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TekSpek GPU - Graphics
NVIDIA GeForce GTX 560 Ti 448

NVIDIA GeForce GTX 560 Ti 448

Date issued:

A new flavour of Fermi

Despite an influx of high-profile game launches in recent months, the PC hardware scene has remained surprisingly quiet - at least as far as graphics are concerned.

You have to go back to May 2011 for the last major launch from NVIDIA, the GeForce GTX 560, while AMD hasn't served up any new high-end propositions since the Radeon HD 6990 way back in March.

It's been a slow end to the year, but while AMD and NVIDIA won't be introducing new architectures until the first quarter of 2012, the latter has opted to give us another flavour of Fermi - dubbed the GeForce GTX 560 Ti 448 - just in time for Christmas.

What is the GTX 560 Ti 448?

While the branding suggests that this new GPU is a beefier version of the existing GTX 560 Ti, it is in fact a less-meaty derivative of the GTX 570. Let's lay out the specification to see where exactly NVIDIA's latest introduction fits in.

GPU GeForce GTX 580
GeForce GTX 570
GeForce GTX 560 Ti 448
GeForce GTX 560 Ti
Fermi Revision GF110 GF110 GF110 GF114
Transistors 3.0bn 3.0bn 3.0bn 1.95bn
Die Size 520mm² 520mm² 520mm² 367mm²
Streaming Multiprocessors 16 15 14 8
CUDA Cores 512 480 448 384
Texture Units 64 60 56 64
ROP Units 48 40 40 32
GPU Clock (MHz) 772 732 732 822
Shader Clock (MHz) 1,544 1,464 1,464 1,645
Memory Clock (MHz) 4,008 3,800 3,800 4,008
Memory Bus (bits) 384 320 320 256
Power Connectors 8+6 6+6 6+6 6+6
TDP 244 219 210 170
SLI Support 3-way 3-way 3-way 2-way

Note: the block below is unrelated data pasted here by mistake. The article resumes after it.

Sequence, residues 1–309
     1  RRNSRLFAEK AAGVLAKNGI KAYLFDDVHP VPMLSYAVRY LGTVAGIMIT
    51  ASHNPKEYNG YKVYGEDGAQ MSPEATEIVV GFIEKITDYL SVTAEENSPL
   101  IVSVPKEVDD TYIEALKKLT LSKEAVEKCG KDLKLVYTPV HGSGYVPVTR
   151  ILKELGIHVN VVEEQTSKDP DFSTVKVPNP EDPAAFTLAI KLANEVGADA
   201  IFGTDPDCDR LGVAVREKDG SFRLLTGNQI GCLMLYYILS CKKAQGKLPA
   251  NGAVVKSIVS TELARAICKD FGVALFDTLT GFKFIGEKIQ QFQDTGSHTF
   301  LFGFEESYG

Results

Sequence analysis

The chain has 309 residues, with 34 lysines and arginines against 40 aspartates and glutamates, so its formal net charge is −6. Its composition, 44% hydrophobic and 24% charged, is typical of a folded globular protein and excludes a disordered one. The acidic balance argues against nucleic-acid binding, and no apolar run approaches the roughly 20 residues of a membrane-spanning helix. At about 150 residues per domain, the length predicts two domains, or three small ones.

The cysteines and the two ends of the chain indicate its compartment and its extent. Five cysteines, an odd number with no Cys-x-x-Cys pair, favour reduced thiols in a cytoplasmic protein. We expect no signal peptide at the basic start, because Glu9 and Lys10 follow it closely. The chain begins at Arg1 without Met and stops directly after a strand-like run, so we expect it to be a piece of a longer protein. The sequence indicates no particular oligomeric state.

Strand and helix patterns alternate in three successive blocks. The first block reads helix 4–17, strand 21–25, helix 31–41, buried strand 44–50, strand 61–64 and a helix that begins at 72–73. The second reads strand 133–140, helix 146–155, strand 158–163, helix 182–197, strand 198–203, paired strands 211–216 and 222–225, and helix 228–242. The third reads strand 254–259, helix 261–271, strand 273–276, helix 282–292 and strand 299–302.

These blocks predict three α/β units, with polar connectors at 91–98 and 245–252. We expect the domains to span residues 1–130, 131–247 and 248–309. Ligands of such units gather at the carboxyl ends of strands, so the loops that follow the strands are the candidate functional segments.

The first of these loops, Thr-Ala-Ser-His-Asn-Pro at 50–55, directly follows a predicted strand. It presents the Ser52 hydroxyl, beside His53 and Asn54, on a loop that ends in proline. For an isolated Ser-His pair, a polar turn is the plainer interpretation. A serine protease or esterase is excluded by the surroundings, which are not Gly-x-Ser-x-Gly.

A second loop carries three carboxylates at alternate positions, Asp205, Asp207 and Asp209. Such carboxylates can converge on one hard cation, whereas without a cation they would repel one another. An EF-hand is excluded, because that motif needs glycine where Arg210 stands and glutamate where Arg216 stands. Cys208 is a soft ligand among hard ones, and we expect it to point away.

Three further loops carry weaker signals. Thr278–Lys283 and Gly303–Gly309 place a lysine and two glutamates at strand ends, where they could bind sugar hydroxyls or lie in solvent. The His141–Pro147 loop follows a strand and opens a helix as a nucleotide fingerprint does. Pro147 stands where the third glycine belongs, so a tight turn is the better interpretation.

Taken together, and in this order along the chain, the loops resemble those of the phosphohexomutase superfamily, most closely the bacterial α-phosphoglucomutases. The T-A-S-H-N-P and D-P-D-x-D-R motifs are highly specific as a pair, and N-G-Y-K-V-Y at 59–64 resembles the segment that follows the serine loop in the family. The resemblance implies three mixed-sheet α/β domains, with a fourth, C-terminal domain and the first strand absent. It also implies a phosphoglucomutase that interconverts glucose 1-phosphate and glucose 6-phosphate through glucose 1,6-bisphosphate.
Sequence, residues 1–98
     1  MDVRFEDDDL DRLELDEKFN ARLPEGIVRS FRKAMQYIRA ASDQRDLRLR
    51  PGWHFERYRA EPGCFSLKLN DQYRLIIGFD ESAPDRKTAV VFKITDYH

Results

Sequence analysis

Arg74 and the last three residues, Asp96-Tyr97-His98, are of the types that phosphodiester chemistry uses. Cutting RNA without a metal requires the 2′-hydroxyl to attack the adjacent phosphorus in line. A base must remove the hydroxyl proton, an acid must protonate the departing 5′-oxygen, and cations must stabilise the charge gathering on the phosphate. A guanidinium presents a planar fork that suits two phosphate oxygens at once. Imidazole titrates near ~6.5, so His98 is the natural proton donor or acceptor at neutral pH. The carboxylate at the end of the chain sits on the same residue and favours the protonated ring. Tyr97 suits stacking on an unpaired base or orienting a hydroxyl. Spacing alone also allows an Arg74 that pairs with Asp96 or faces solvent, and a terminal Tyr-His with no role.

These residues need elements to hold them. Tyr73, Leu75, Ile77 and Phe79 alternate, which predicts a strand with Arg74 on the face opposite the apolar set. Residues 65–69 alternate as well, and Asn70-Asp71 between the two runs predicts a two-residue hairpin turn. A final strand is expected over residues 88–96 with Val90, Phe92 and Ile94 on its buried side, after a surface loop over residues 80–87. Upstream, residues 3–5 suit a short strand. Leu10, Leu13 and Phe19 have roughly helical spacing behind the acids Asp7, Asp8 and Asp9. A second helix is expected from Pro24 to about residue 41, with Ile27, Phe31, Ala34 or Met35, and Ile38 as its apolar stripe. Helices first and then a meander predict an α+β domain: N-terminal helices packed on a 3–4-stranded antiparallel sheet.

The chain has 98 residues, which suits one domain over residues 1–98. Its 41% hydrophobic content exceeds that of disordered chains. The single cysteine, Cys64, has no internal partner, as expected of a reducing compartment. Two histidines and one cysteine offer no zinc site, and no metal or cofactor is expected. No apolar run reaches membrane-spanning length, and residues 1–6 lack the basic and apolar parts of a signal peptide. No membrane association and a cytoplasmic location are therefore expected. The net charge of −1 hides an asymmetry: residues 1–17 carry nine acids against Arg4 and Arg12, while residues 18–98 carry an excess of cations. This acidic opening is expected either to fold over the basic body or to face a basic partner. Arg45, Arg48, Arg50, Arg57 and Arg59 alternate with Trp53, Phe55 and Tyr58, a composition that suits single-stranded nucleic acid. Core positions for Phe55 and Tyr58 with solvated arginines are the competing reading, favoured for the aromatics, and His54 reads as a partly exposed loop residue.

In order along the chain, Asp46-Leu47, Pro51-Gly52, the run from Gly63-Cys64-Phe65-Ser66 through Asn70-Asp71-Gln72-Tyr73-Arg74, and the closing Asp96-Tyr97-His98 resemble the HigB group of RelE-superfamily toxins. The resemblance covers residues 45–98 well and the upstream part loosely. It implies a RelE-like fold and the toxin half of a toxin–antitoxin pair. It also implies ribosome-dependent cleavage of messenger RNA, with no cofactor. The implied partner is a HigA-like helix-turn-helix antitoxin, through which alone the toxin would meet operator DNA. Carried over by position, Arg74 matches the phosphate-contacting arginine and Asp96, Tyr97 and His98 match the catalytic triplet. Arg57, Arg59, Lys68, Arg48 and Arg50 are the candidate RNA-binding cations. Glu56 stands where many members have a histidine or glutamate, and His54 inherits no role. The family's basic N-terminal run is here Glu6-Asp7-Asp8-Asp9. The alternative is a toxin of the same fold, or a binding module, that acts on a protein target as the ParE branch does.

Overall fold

As depicted by the table above, NVIDIA's GTX 560 Ti 448 has a lot in common with the GTX 570 launched at the tail end of 2010.

Managed to spot the key difference between the two? The answer's in the name - the GTX 560 Ti 448 has 448 CUDA cores, compared to the GTX 570's full complement of 480. The reduction in cores is achieved by disabling a single Streaming Multiprocessor (SM) unit, resulting in the loss of 32 cores and four texture units.

Technically speaking, this is a step backward, but the revised GF110 core featured in the GTX 560 Ti 448 should provide almost all the performance of a GTX 570 at a lower price. The branding can be quite confusing, so think of the new 448-core card as a GTX 570 on a diet, not a GTX 560 Ti on steroids.

The product could certainly have been named more appropriately, but the GTX 560 Ti 448's specification shows potential and it's poised to fill the sizeable gap between the GTX 560 Ti and GTX 570. According to NVIDIA, the new 448-core part is up to 15 per cent faster than a GTX 560 Ti, and only five per cent slower than a GTX 570.

Based on those claims, performance should be very decent, but you might need to hurry if you intend on making a purchase. NVIDIA claims to have a limited supply of the 448-core GPUs, and the product will only be available to a few select partners (ASUS, EVGA, Gainward, Gigabyte, Inno3D, Palit, MSI and Zotac) and will be sold in just a few markets around the world for a limited time.


What was it NVIDIA said? Ah yes, the new 448-core part is up to 15 per cent faster than a GTX 560 Ti, and only five per cent slower than a GTX 570.

Those claims are almost spot on - the GTX 560 Ti 448 is actually 19 per cent faster than a standard GTX 560 Ti according to 3DMark 11 - and, as expected, NVIDIA's latest effort has more in common with the GTX 570 than its name suggests.

Reviews from leading online publications have shown that the 448-core card is a very strong performer at full-HD 1080p resolutions, and ideal for playing the latest DX11 titles such as Battlefield 3 and Crysis 2.


NVIDIA's latest Fermi derivative consists of a GF100 core that's missing an SM unit. There's no magic in that, but the small change gives consumers the chance to pick up high-end GTX 570-like performance at a lower price point.

With plenty of power beneath the hood and support for three-way SLI, this is a limited edition graphics card that's certain to be popular this holiday season. But remember, stock is limited so click here to check on availability at Scan Computers.